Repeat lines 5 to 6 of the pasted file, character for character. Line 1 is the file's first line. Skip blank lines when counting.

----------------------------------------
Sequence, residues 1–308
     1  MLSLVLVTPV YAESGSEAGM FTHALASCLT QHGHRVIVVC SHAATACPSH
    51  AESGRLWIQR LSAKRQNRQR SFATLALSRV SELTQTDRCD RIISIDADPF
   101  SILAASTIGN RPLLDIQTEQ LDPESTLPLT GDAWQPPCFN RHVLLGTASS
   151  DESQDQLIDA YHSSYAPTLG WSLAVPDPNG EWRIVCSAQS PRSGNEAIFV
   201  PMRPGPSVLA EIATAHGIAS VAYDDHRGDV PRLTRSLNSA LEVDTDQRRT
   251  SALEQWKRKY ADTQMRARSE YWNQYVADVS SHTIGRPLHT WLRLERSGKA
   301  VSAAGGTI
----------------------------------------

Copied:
   151  DESQDQLIDA YHSSYAPTLG WSLAVPDPNG EWRIVCSAQS PRSGNEAIFV
   201  PMRPGPSVLA EIATAHGIAS VAYDDHRGDV PRLTRSLNSA LEVDTDQRRT